Defending Students Who Make Threats of Harm
Tensions are high on school campuses across the United States when it comes to threats of violence on school grounds. It seems no one is safe these days, whether in an elementary school, a high school, or a university. However, more threats are made on college campuses than you may be aware of, as such threats don’t always make headlines. Instead, a college may handle cases involving violent threats quietly and internally. This does not mean that the student accused of making threats will not face potentially serious consequences.
If you stand accused of making threats to a school, a classmate, or a school employee, whether in court (where you could lose your freedom) or in a conduct code case (where you can lose scholarships or face expulsion), your future is at stake. Hire a lawyer who knows how to fight against college conduct code violations. Contact the attorneys at Duffy Law at (203) 946-2000 or contact us online now.
Strict Policies Against Threats
With social media, email, text messaging, and other messaging apps, it becomes easier and easier for young people to bully and harass one another. Increasingly, such communications can evolve into threats of violence against other student or college faculty. It is often much easier to hit “send” on a threatening message than it is to deliver threats in person. Schools are taking threats more and more seriously – no matter how the threat was delivered.
Many schools have formed threat assessment teams and zero-tolerance policies regarding threatening behaviors. Colleges and universities are including strict policies against threats in their codes of conduct. For example:
- Yale University – Prohibits “any act that threatens the use of violence or physical force.”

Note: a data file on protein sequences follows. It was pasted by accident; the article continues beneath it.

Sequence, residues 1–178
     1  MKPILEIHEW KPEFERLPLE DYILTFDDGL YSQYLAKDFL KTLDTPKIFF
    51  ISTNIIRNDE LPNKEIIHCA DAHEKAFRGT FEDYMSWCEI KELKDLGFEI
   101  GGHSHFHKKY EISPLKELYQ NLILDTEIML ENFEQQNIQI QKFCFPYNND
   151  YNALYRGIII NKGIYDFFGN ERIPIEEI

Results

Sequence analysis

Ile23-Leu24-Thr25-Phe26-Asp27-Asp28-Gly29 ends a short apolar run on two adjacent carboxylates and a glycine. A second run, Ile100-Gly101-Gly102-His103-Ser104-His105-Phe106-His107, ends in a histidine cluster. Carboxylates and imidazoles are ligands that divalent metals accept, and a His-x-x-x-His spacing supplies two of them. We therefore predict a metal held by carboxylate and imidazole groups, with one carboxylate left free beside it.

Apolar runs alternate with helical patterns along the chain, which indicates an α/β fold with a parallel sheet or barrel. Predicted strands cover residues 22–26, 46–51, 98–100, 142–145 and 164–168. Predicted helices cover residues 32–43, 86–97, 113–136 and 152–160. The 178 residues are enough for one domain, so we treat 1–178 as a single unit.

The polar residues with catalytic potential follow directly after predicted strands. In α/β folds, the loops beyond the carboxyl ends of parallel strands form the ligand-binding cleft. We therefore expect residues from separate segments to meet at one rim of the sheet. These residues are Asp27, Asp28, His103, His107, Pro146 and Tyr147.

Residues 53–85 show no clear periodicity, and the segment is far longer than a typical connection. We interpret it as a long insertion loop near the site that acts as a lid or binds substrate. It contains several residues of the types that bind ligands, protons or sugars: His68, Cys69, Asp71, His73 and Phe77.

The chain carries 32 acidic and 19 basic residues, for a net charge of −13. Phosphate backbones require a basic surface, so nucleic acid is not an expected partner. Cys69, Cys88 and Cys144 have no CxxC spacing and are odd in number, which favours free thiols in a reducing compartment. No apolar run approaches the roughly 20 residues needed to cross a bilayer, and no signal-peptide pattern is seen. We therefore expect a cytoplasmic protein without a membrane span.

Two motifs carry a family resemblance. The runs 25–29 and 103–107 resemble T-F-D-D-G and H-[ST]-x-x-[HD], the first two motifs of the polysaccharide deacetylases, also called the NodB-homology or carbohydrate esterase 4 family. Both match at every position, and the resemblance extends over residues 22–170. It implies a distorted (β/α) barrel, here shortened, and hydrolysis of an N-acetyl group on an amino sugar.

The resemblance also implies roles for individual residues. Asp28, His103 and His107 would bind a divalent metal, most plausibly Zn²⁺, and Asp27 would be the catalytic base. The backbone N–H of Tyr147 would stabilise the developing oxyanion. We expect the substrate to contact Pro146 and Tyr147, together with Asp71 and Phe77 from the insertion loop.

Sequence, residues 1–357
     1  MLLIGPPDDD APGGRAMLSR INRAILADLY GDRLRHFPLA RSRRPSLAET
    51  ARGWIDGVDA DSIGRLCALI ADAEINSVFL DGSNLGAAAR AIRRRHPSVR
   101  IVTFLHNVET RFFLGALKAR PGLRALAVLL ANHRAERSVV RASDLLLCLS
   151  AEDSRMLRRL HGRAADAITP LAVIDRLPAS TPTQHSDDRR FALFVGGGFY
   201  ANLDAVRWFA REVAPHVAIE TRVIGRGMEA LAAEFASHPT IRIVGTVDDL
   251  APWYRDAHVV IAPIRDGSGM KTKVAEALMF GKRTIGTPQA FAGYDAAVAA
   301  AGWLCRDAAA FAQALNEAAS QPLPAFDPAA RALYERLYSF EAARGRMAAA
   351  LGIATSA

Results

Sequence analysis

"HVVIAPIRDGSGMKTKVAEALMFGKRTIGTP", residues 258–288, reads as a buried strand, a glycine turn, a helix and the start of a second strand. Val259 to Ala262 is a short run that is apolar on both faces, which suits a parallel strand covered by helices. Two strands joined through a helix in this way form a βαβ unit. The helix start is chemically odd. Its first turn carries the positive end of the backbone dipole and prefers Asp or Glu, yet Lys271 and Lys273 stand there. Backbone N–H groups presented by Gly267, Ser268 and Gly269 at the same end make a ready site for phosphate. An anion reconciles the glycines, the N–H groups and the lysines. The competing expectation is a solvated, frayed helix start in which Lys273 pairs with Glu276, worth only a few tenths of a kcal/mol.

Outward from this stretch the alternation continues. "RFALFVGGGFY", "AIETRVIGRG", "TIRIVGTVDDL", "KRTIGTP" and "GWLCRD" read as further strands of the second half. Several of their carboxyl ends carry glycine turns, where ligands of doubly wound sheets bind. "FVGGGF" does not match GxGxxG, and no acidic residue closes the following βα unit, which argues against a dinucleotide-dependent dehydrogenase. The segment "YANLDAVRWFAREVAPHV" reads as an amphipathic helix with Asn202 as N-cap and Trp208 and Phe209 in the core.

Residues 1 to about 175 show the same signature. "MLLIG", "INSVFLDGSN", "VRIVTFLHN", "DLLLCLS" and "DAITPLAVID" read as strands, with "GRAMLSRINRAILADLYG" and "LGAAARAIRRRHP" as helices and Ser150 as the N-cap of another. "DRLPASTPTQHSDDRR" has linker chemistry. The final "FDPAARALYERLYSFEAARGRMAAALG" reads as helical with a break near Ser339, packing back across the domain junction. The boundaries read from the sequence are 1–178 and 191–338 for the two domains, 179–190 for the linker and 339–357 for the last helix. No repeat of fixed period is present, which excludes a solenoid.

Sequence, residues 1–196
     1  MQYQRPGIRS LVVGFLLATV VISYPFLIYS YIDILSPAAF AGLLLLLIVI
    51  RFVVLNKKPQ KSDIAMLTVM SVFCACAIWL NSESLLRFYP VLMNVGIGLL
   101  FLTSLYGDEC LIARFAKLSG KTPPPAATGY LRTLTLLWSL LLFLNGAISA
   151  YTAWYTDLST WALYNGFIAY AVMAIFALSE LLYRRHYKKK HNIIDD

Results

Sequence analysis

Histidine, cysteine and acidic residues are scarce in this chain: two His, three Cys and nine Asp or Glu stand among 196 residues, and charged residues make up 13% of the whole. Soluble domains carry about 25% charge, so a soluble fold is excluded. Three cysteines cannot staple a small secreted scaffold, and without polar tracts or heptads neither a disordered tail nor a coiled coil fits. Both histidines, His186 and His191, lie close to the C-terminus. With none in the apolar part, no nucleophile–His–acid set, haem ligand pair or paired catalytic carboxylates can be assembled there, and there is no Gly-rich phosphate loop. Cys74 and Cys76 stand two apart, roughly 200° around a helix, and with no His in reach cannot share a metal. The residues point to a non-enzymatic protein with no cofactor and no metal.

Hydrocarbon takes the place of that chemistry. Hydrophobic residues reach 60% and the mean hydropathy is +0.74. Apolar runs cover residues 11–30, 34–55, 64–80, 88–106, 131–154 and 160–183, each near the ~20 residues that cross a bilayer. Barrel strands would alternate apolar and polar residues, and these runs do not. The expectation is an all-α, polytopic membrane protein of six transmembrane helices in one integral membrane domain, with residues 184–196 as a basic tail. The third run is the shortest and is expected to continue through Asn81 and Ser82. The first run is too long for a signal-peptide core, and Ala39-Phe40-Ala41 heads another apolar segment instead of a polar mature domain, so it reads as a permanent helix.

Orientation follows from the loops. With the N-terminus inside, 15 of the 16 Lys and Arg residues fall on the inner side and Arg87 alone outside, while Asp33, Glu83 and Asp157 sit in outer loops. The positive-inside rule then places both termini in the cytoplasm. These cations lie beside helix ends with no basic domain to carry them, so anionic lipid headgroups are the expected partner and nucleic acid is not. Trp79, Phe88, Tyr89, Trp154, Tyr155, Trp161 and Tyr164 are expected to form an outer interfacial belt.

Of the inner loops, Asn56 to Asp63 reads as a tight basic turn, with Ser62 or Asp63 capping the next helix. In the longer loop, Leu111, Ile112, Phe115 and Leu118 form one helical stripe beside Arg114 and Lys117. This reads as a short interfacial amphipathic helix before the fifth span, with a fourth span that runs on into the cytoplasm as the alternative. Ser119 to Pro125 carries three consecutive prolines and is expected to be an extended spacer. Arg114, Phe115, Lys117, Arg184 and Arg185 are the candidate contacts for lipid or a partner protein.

- Oberlin College – Prohibits conduct that “might reasonably be regarded as a threat to the physical safety, health, or well-being of another individual or individuals.”
- New York University – Prohibits “acts of aggression (e.g., causing or threatening injury to one’s person or property, physical or verbal intimidation, damaging personal/University property).”
These are only three examples of many, many schools that expressly prohibit threats of violence in their codes of conduct.
Whether you are accused of sending a threatening text to another student, threatening to hurt a faculty member if they didn’t change your grade, or threatening widespread violence (such as bomb or shooting threat), you can face serious sanctions by your school. Consequences can include suspension, expulsion, or even criminal charges. It is imperative that you seek counsel from an experienced college code defense law firm to ensure your rights are fully protected.
Defending Against Allegations of Making Threats
College students are known for pranks and jokes, as well as less-than-stellar decision-making at certain times. This combination can lead students to make statements to others without realizing the possible consequences. For example, a student accused of making a threat may claim they were simply “letting off steam,” kidding, or that they lost their temper in the moment but never really meant what they said. Others may try to excuse their behavior by claiming they were intoxicated or that they were in the middle of a fight or an emotionally-charged romantic break-up.
Students may think such explanations or excuses are enough to get them out of trouble, though schools are rejecting such explanations more and more. These “excuses” do not actually excuse the behavior and colleges will proceed with disciplinary action against the threatening student. Some schools focus on the effect the threat had on the recipient – did the threat cause them fear for their safety? Other schools may examine whether the person making the threat could foresee the effects the threat had. If a threat is serious enough, some colleges may even report it to the local authorities and charges of terroristic threats may be issued.
Consult an Experienced College Defense Lawyer as Soon as Possible
The standards are different for each institution and the consequences of being found guilty of making threats can be severe. Simply claiming that a threat was in jest is not sufficient to protect yourself from disciplinary action. You need legal representation from an attorney who regularly defends against college code violations and who can advise you of your rights and options at your particular school. Please do not hesitate to call the attorneys at Duffy Law at (203) 946-2000 or contact us online to get started on your case today.